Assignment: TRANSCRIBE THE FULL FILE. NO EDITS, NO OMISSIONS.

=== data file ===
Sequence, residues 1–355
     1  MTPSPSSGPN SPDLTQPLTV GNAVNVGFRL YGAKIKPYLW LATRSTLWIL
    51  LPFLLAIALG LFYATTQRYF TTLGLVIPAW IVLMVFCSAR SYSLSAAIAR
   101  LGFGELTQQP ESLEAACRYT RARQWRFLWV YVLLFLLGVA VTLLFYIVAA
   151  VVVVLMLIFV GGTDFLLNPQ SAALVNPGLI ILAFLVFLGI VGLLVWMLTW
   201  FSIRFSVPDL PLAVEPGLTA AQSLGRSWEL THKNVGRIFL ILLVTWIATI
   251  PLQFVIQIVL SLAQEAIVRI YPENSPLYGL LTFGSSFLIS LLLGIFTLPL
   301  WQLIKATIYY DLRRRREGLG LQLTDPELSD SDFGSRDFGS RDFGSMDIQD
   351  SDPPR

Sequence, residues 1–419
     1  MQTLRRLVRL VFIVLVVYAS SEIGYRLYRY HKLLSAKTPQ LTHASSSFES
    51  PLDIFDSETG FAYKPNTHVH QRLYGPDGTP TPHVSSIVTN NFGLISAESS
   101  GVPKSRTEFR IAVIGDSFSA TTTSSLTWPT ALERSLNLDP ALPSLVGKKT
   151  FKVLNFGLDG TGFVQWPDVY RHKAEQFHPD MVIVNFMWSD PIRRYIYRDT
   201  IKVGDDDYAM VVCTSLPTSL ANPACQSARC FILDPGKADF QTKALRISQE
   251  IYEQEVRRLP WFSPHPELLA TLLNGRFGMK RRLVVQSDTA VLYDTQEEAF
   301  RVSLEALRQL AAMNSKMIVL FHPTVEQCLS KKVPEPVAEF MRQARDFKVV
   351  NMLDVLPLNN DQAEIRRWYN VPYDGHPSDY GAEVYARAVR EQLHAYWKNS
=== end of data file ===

Sequence, residues 1–355
     1  MTPSPSSGPN SPDLTQPLTV GNAVNVGFRL YGAKIKPYLW LATRSTLWIL
    51  LPFLLAIALG LFYATTQRYF TTLGLVIPAW IVLMVFCSAR SYSLSAAIAR
   101  LGFGELTQQP ESLEAACRYT RARQWRFLWV YVLLFLLGVA VTLLFYIVAA
   151  VVVVLMLIFV GGTDFLLNPQ SAALVNPGLI ILAFLVFLGI VGLLVWMLTW
   201  FSIRFSVPDL PLAVEPGLTA AQSLGRSWEL THKNVGRIFL ILLVTWIATI
   251  PLQFVIQIVL SLAQEAIVRI YPENSPLYGL LTFGSSFLIS LLLGIFTLPL
   301  WQLIKATIYY DLRRRREGLG LQLTDPELSD SDFGSRDFGS RDFGSMDIQD
   351  SDPPR

Sequence, residues 1–419
     1  MQTLRRLVRL VFIVLVVYAS SEIGYRLYRY HKLLSAKTPQ LTHASSSFES
    51  PLDIFDSETG FAYKPNTHVH QRLYGPDGTP TPHVSSIVTN NFGLISAESS
   101  GVPKSRTEFR IAVIGDSFSA TTTSSLTWPT ALERSLNLDP ALPSLVGKKT
   151  FKVLNFGLDG TGFVQWPDVY RHKAEQFHPD MVIVNFMWSD PIRRYIYRDT
   201  IKVGDDDYAM VVCTSLPTSL ANPACQSARC FILDPGKADF QTKALRISQE
   251  IYEQEVRRLP WFSPHPELLA TLLNGRFGMK RRLVVQSDTA VLYDTQEEAF
   301  RVSLEALRQL AAMNSKMIVL FHPTVEQCLS KKVPEPVAEF MRQARDFKVV
   351  NMLDVLPLNN DQAEIRRWYN VPYDGHPSDY GAEVYARAVR EQLHAYWKNS